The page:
When I played this for my wife in the car, she liked the first half a lot, but by the second half, she said she had pretty much had enough of The Lonely Island. I think that’s accurate: The Wack Album is fun in small doses.
1 / 5
What’s the point of being a rapper if you just insist on sticking to the exact same flow throughout all of your songs and sitting back while ultra-uninspiring guest MC’s just sort of fuck it up more? None of these songs are necessarily horrible on their own, but taken as a whole, they sound like a soupy nothingness that has no reason to exist.
By the way, look at that cover. In a time when everyone’s debating and struggling with hip hop’s prevailing attitudes towards women, Bronson decided to go with an image where an exposed, seemingly exploited woman bends over a toilet with a disturbing look of distress on her face (Is she hurt? Is she sick?). Bronson himself hulks behind her, leering and threatening. His lyrics emphasize a similar misogyny. Again, we’ve got enough of this kind of shit in the world already, so Saaab Stories really didn’t need to be made.
Race: The Portrait of a Town
4 / 5
Allan Pray makes me a little nervous. He admits he has a hyper-obsessive personality, modeling his image and life after Luke Wilson’s reclusive tennis-pro character from The Royal Tenenbaums. For a few years, he played tennis constantly, 9-10 hours per day, until one day he decided it was time to redirect all his energy and time into making music. Now he carefully constructs acoustic guitar and string-filled chamber folk in his home studio and performs it with a 7-10 piece ensemble (all dressed in matching white shirts).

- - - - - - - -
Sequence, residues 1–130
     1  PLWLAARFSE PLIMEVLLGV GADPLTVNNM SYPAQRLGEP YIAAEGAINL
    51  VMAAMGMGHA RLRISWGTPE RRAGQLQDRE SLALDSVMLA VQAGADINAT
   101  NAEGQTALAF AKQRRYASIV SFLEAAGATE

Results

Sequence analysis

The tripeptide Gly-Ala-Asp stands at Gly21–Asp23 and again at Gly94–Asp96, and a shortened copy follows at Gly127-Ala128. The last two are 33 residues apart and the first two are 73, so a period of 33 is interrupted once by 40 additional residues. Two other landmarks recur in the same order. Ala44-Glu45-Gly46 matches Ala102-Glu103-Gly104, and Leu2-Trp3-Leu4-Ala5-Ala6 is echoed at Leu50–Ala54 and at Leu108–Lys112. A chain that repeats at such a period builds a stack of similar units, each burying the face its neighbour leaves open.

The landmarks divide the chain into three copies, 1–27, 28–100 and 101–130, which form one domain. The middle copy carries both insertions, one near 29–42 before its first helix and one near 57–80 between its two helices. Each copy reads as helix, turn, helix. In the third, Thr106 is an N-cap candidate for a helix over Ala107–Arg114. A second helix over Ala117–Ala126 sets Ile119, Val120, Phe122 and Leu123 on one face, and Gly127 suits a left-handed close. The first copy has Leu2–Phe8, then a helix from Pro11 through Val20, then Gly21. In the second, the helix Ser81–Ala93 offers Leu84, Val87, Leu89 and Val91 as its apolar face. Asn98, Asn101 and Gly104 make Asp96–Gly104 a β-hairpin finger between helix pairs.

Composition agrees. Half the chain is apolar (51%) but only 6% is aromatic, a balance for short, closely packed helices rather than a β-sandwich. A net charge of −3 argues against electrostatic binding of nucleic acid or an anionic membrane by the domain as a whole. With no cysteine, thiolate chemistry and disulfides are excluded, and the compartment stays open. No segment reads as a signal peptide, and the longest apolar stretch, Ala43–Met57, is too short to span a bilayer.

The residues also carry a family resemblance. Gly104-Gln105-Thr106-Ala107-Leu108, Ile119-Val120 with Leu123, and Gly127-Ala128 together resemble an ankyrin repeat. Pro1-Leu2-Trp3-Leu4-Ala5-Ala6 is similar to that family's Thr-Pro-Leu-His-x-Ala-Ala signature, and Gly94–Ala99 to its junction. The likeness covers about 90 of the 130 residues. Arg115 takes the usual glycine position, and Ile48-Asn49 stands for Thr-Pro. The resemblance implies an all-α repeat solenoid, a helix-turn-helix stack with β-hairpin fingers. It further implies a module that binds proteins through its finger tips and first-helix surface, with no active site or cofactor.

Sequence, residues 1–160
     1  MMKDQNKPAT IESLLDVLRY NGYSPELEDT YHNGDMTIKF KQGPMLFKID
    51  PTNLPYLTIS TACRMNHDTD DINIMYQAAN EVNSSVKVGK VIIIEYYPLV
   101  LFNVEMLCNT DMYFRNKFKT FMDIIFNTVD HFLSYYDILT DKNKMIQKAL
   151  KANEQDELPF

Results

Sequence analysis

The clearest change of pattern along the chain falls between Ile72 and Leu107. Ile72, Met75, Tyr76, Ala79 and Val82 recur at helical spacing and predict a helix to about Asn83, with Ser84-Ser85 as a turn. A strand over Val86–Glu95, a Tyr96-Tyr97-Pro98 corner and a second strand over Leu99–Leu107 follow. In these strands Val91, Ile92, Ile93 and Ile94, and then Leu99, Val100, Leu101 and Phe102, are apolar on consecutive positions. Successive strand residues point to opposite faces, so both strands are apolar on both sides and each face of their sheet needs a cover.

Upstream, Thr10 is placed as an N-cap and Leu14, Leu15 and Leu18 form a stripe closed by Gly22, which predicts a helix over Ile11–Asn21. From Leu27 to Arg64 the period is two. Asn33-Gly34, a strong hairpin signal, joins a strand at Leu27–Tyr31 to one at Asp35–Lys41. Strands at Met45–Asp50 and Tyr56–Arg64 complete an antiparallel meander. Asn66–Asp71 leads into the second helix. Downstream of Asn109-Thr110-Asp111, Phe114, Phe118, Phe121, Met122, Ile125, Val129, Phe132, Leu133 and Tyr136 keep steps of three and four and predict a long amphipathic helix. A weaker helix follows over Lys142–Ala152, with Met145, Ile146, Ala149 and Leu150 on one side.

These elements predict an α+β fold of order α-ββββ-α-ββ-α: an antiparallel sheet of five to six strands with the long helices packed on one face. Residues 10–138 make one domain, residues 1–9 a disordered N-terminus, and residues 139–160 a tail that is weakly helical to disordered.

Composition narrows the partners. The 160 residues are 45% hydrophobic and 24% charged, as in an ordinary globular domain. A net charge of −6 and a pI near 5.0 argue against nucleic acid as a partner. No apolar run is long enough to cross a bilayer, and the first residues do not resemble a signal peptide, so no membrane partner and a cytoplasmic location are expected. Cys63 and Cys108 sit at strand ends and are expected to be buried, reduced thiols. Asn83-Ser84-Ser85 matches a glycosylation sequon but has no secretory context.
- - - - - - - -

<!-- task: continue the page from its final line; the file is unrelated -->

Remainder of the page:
His lyrics, too, reveal a daunting level of focus. His whole first album centers on memories of his sister’s wedding, while his second record focuses on a single walk in the woods he took with his siblings. On Race: The Portrait of a Town, Pray is delving even further into the infinite depths of self-reflection: his mother showed him a tiny model town she had formed in her attic and named “Race.” It was filled with homemade doll representations of people she had once known, 71 in all, and Pray felt compelled to sit amongst them and write songs relating to the people whose images had been forged out of old action figures and paper mache.
Race is an ostentatious offering: spread out over twenty tracks on four discs (each disc named for the cardinal directions). Pray manages to make his songs sound at once fragile, precious, and dense with melody and detail. It’s an amazingly pleasant listen. Its scope is so dramatic, however, that I fear I’m missing a larger conceptualization of the work that’s eluded me. I suspect Race requires many listenings to fully absorb.
If you’re a fan of Sufjan Stevens or Iron and Wine, you’ll feel quite at home here. It’s always nice to hear unique music out of our fair city, and Pray is definitely out of left field. His hyper-focus makes him an complex and perhaps slightly intimidating figure. Maybe he’s just an image of what Richie Tenenbaum’s life could have been like if he took up guitar instead of hawk-training and smoking.